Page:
Sennheiser Ambeo soundbar does surround sound that far exceeded my
expectations. Far? If you could quantify such a thing, figures such as twice as
good, three times as good, maybe four times as good as the best I’ve ever used
might be appropriate.
Now, before going on I should mention what I’m used to
listening to. I have a real surround system installed in my office. At times it
has been 5.1.4. At the moment it is 5.1.2. That is: front left, right and
centre, surround left and right, and two ceiling-mounted height speakers. Along
with a lovely Denon home theatre receiver to drive them all.
So, to start, I used the Dolby Atmos demo disc Sennheiser
included (for review purposes, not distribution) with the soundbar. Being me, I
went straight to the isolated channel noise tests, specifically 5.1.2.
What I noticed was that the left channel sounded like the
left channel ought to, and was quite a bit to the left of the left end of the
soundbar. Likewise for the right. Surrounds? Both sounded, I swear, as though
the sound was coming from my real surround speakers. Height? Both sounded as
though the sound were coming from the ceiling.
Was the soundbar bouncing sound from various surfaces? Well,
the height ones I suppose, but the others? It seems unlikely.
Dolby Atmos on the Sennheiser Ambeo Soundbar
On the same disc were several clips intended to demonstrate
Dolby Atmos. They did equally well at demonstrating effective depth. Stuff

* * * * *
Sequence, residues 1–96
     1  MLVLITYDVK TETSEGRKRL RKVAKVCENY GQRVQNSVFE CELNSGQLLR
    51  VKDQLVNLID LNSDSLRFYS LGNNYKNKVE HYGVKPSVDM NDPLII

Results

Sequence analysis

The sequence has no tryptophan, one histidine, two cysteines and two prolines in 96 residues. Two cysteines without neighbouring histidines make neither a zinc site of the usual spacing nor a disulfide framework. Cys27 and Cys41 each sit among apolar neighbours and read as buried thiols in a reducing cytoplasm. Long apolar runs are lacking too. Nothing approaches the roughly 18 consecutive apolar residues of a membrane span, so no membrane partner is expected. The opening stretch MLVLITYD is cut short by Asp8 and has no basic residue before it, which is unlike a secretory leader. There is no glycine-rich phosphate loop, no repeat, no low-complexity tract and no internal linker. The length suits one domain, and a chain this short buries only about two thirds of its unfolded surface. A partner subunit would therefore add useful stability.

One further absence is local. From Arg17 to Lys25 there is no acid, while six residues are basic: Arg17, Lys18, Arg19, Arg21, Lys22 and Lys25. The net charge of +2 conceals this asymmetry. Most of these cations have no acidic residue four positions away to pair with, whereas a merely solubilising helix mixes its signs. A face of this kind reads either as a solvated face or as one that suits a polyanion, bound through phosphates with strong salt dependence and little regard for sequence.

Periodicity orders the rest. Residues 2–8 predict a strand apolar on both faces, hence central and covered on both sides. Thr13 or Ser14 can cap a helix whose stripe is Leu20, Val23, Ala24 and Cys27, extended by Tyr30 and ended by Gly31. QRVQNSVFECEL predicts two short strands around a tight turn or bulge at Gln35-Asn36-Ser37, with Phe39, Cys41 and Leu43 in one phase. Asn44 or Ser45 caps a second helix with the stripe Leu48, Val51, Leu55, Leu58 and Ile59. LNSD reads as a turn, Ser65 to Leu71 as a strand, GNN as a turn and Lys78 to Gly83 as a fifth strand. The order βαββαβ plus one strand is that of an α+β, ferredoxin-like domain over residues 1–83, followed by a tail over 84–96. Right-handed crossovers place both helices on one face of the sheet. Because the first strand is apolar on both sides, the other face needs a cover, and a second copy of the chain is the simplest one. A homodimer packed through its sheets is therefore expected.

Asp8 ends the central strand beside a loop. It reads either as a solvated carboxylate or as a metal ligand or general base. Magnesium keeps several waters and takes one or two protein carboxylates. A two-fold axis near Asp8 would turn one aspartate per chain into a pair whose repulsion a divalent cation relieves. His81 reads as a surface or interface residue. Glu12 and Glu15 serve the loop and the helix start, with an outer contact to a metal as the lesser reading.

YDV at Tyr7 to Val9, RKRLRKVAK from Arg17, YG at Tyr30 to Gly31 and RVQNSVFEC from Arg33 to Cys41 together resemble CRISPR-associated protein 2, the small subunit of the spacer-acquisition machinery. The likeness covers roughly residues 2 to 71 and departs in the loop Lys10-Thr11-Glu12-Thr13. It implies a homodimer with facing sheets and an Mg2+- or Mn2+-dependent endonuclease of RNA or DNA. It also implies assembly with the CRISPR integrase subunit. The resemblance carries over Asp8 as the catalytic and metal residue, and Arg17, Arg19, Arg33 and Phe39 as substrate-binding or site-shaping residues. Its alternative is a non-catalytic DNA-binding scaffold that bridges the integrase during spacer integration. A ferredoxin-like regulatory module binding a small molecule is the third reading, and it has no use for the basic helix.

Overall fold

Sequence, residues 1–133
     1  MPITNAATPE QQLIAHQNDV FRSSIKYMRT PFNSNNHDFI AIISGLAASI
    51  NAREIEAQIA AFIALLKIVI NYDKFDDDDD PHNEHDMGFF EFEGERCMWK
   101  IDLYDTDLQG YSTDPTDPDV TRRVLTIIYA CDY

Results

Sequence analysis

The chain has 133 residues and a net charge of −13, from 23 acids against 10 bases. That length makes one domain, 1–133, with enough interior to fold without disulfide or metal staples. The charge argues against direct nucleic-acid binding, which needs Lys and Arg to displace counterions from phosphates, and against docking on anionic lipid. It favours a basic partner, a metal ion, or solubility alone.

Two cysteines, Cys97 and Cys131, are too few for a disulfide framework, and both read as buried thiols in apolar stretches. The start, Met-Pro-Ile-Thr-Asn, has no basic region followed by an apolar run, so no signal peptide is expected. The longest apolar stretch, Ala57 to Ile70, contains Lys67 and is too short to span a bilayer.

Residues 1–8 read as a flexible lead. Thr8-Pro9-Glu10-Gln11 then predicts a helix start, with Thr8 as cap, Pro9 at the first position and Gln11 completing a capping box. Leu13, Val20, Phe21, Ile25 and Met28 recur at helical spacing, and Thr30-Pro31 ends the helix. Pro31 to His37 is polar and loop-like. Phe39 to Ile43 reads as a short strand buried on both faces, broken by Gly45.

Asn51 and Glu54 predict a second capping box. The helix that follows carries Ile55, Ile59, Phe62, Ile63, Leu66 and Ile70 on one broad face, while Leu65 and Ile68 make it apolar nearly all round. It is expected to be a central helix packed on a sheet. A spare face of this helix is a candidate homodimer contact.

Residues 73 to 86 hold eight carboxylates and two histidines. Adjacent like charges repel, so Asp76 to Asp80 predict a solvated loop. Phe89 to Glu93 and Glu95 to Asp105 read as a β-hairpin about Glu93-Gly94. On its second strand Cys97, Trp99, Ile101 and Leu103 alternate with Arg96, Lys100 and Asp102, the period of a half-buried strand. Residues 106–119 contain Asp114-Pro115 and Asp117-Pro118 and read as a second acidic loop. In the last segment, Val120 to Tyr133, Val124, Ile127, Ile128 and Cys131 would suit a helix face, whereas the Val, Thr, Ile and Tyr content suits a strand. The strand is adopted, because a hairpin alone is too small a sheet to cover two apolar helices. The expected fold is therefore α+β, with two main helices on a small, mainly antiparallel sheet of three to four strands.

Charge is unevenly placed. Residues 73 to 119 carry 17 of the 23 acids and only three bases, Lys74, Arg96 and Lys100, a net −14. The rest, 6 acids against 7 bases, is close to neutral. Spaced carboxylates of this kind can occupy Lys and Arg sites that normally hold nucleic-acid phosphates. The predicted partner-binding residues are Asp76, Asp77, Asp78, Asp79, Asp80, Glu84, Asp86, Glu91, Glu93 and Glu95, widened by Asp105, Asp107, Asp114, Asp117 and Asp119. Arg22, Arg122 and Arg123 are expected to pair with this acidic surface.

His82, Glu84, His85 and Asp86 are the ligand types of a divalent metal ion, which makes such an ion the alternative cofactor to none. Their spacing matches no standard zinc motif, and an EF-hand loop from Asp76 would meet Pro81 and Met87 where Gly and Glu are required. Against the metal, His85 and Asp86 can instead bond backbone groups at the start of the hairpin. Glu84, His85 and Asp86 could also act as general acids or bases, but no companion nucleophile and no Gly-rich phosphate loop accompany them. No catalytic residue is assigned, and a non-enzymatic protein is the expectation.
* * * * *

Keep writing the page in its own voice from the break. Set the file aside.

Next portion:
sounded above, to the sides and slightly behind me. Not in the vague
out-of-phase sense, but in the positioned-object sense.
Well, Sennheiser put that disc in the box. Time to go to my
own stuff. I have an ancient test DVD which features a male voice panning 360
degrees around the room. Even proper surround systems sometimes have trouble
with this. Soundbars? They all fall apart on this one.
But not this one. The voice went around the room – even
eerily across from right to left slightly behind, slightly above me, with a
smoothness that would challenge many discrete speaker systems.
I couldn’t let it rest there. Surely there must be an
imperfection. That caused me to bring out the surround mix of Tommy.
This one is a slightly uncomfortable listen, because for the most part Keith
Moon’s drums sit in the left surround speaker. With my regular surround system
this is a mixed blessing. Just about devoting a channel to drums alone results
in them being delivered with a rare clarity. But it’s also a bit hard on the
And with the Sennheiser Ambeo Soundbar? No, the drums
weren’t quite slightly-rear to the left. They were middish left. The Soundbar
didn’t push them as far back in the room as a discrete surround system. And
they were slightly splayed out. The higher-pitched drums tended to be a little
further back than the deeper skins. It was nonetheless impressive.
The Sennheiser Ambeo Soundbar is a truly remarkable piece of design. I generally don’t go out of my way to recommend soundbars, but I do with this one. And it delivers that great performance from a device, not all that much bigger than a regular soundbar.